Labour's Gang of Four:

Milburn, Stevens, Penny and Corrigan in 2000 and the NHS Plan was published.

The NHS Plan, which was published in the same month, July 2000, was written by a team that included Stevens, Dash, Corrigan and Milburn. It mentioned the main elements of the shift to a market, but it disguised them as mere improvements in the existing system. 

Colin Leys again:

In my innocence, I dismissed this as a far-right fantasy. What I didn’t realise was that his vision was shared, to a greater or lesser extent, by a small number of people at the heart of government, especially Blair’s senior health policy adviser, Simon Stevens, Milburn’s adviser Paul Corrigan, and a significant number of senior staff in the Department of Health including, critically, its young director of strategy and planning, Dr Penny Dash, and Milburn himself. They all thought that to make the NHS efficient it should be reformed into a kind of healthcare market.

Interestingly the only one left to carry out overtly the plan is Simon Stevens. It fitted in with the revolving door pattern.

The players: the insiders: the 'policy community', corporate heavies, management consultants, think-tankers, freelancers and hired hands, including some academics and doctors. They can use the 'revolving door': company envoys can get jobs in the Department of Health, and ex-ministers and officials can get well paid jobs in the private sector.

Foundation Trusts:

But the central point about foundation trusts is that the contracts they make are legally enforceable, and if they run up unsustainable debts they won’t be bailed out by the Department of Health. This means that they become fully exposed to the risk of bankruptcy. The independent regulator, Monitor, can step in and impose new management on a foundation trust that is heading for bankruptcy, or let it close and get its work taken over by other providers. This means that the crux of all policy decisions in the hospital becomes financial. Foundation trusts don’t have to pay dividends to shareholders but in all other respects they have to behave like private companies. Milburn’s aim was that all NHS trusts should become foundation trusts by 2008.

But they couldn’t behave like companies unless their income was related to their performance. So Milburn also introduced payment by results. Each completed treatment was to be accounted and paid for individually. This involved putting a price on every procedure, a price that varies according to the different level of cost and risk posed by each category of patient. These prices were fixed. For the time being competition was to be on quality alone. But once a system of payment based on price per treatment was in place, price competition could then be quite easily introduced.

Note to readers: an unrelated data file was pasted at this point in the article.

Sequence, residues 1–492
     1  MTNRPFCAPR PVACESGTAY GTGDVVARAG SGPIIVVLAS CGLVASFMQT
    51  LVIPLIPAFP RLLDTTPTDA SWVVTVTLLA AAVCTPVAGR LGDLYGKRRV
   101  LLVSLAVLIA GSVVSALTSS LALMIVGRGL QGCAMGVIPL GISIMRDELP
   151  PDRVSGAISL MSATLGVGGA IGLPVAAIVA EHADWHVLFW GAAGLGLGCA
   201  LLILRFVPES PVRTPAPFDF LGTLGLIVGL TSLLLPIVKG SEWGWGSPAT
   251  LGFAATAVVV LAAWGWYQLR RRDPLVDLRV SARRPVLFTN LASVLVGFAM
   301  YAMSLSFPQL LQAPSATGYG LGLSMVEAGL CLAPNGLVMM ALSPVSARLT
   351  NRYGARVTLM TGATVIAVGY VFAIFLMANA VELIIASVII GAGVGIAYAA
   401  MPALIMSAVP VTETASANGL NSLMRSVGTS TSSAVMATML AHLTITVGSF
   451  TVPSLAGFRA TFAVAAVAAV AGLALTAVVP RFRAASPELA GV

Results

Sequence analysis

Unfortunately as far as PFI is concerned, FTs cannot go bankrupt. What a pity. Metronet did!

Smart move: Do not call it reform!

This is the brilliance of Simon Stevens. Without having to go through parliament a new wave of so called Vanguard schemes was brought in for the famous Five Year Forward View.

Simon understands Social Media and employed people that are good at it. Vanguard NHS is evolving like a parallel universe where everybody is so enthusiastic some of them should perhaps have therapy. The other universe in the meantime are facing a crises that was perhaps part of the plan. But with Junior Doctors striking for the first time in nearly 4 decades it makes you wonder if these Vanguard places really have Juniors doctors? 

Then there are catastrophic failures, first of Hinchingbrooke, then UnitingCare. Not to mention ISTC failures. They are just little hiccups and nobody seemed to say much about it.

The Department of Health created a commercial directorate to oversee the plan to privatise the NHS. A group of passionate market advocates were hired to transform a public sector institution into a target for private sector takeover. People such as Mark Britnell, who was the Department of Health's director general for commissioning when Labour was in office and who later joined KPMG – able to sell his experience in government to the world of management consulting – have now been outed as agents for the merciless dismemberment of the NHS. There was a revolving door between civil servants in the department and McKinsey, KPMG and Deloitte. Ex-ministers, such as Patricia Hewitt and Lord Warner, traded their knowledge of NHS privatisation with those who could benefit in the commercial sector.

Friday, February 26, 2016

BUPA & Health Insurers: NHS Strikes Back!